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You brought me to the river for lunch.
A far cry from the Spanish Steps or the Vatican, but instead you showed me life...
I can still recall him, the wise and simple fisherman with a thousand stories tucked between the lines on his sun-dried face. Though he is of a foreign tongue, I was captured by the excited rhythm on which his tales flowed, all the while his eyes gleaming with joy.
The man from India, with a smile that seemed to stretch as long as the river itself, placed plates he proudly prepared on the table. The food was particularly good. I was once a chef at the Sheraton, he proclaimed with pride, now living on the banks of the river, cooking for friends that have become family.
The old woman at the head of the table, seemingly a matriarch to this collection of unrelated characters, lost her husband, but not her will to live. History hung on her makeshift walls and around her bent shoulders. Years had taken her easy stride, leaving a shuffle, a sharp mind, a healthy appetite, and memories to be shared.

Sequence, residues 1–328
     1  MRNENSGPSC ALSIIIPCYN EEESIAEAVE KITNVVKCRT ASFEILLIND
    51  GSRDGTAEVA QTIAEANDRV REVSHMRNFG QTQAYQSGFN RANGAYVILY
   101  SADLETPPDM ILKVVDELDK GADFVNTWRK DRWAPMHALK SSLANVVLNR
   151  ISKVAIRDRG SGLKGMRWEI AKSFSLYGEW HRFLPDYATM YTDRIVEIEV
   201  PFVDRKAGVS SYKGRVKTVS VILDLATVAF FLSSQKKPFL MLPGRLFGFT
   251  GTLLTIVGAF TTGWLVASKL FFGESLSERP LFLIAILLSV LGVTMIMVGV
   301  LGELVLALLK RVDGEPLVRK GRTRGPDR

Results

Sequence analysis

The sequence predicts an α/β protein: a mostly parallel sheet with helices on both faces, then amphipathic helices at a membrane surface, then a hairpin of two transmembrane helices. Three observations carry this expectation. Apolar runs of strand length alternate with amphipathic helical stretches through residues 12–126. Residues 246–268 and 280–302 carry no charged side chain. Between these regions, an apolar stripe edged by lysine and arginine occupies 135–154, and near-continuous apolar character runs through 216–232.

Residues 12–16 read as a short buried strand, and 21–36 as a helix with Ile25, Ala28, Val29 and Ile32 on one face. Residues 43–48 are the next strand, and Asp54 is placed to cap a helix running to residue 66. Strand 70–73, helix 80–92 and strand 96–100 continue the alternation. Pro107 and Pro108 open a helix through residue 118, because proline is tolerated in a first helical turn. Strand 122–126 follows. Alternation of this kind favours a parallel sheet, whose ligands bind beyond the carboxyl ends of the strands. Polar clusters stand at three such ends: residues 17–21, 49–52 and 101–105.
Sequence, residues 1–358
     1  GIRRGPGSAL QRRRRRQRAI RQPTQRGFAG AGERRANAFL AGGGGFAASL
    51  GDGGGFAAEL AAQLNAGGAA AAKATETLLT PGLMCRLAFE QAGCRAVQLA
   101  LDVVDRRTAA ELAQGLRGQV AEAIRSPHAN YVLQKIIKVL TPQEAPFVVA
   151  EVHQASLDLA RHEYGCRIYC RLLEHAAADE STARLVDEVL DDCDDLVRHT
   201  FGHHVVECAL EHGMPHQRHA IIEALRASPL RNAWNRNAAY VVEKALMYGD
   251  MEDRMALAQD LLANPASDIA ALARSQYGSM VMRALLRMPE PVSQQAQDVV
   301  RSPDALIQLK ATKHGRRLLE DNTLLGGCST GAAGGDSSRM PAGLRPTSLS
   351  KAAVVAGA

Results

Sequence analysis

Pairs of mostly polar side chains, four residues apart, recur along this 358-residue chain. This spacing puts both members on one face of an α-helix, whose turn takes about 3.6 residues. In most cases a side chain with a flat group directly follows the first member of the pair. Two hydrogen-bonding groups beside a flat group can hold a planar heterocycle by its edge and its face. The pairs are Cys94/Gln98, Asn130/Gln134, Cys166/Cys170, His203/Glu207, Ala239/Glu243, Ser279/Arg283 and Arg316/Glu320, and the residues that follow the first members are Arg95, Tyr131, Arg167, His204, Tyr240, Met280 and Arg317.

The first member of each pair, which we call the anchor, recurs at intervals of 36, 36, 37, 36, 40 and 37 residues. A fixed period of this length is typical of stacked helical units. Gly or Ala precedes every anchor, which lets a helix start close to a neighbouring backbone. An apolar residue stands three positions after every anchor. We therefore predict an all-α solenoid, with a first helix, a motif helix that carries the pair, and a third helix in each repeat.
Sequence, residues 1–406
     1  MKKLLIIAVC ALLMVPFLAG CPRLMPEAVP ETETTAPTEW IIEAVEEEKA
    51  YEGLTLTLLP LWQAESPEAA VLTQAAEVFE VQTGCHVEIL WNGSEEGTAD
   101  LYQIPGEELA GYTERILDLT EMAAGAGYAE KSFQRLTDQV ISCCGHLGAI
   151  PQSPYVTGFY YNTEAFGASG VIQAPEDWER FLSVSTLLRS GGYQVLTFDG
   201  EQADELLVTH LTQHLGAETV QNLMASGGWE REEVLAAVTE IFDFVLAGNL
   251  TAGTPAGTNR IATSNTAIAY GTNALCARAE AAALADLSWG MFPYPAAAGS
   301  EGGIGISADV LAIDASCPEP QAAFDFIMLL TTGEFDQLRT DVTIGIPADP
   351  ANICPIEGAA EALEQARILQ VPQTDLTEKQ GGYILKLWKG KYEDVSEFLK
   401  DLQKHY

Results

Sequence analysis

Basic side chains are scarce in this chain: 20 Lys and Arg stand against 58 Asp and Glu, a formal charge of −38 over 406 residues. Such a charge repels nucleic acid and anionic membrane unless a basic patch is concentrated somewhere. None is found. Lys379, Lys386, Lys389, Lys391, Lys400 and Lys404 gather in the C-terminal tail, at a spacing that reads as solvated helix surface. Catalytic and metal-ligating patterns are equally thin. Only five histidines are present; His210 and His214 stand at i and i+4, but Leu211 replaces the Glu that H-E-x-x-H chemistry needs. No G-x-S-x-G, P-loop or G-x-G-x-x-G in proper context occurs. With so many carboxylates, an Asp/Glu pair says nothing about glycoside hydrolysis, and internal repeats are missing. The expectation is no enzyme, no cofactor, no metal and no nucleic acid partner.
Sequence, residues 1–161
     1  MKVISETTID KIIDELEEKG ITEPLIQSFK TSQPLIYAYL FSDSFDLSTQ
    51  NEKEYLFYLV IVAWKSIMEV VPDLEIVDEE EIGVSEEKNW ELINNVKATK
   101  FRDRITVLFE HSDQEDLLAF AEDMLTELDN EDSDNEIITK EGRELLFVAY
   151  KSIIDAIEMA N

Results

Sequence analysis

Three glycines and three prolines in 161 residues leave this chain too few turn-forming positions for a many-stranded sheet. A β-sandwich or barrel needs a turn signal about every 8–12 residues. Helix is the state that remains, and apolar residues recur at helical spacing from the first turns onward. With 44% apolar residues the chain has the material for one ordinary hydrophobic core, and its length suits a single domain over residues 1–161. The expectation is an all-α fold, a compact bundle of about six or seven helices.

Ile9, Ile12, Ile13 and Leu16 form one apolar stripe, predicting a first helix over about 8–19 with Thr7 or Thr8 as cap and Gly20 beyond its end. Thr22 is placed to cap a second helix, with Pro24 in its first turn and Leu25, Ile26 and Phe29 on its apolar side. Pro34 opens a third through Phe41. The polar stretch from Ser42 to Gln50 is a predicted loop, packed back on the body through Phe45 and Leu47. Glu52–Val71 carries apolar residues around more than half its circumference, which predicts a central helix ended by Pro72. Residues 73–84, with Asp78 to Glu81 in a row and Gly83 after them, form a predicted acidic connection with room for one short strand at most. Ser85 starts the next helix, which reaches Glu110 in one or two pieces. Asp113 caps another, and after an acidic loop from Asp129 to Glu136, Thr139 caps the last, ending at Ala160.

12 of us ate lunch that day, I being the only one who didn’t understand what was being said, but I understood much more...
While driving away, I was moved to tears by my touching experience. I realised the human connection is not a matter of speaking the same language. Nor is it sharing a similar style of living, a religion, or a country of origin. It’s having an open heart and mind. It’s not about the stuff we own or that which owns us. It’s understanding that no matter who we are, how privileged, or what class system we have fallen into, each and every one us will one day die.
I can only imagine the instance I’m confronted with death. I’m sure in those remaining moments, wherever I am or whomever I’m with, I won’t be concerned with status or what brand of shoes we’re sporting... I imagine desperately looking into their eyes and clutching their hands close to my heart, hoping for that last moment of human connection.
That trip to the river reminded me of how important it is to feel alive and to connect to all people. It’s not about your people or my kind. It’s about being kind.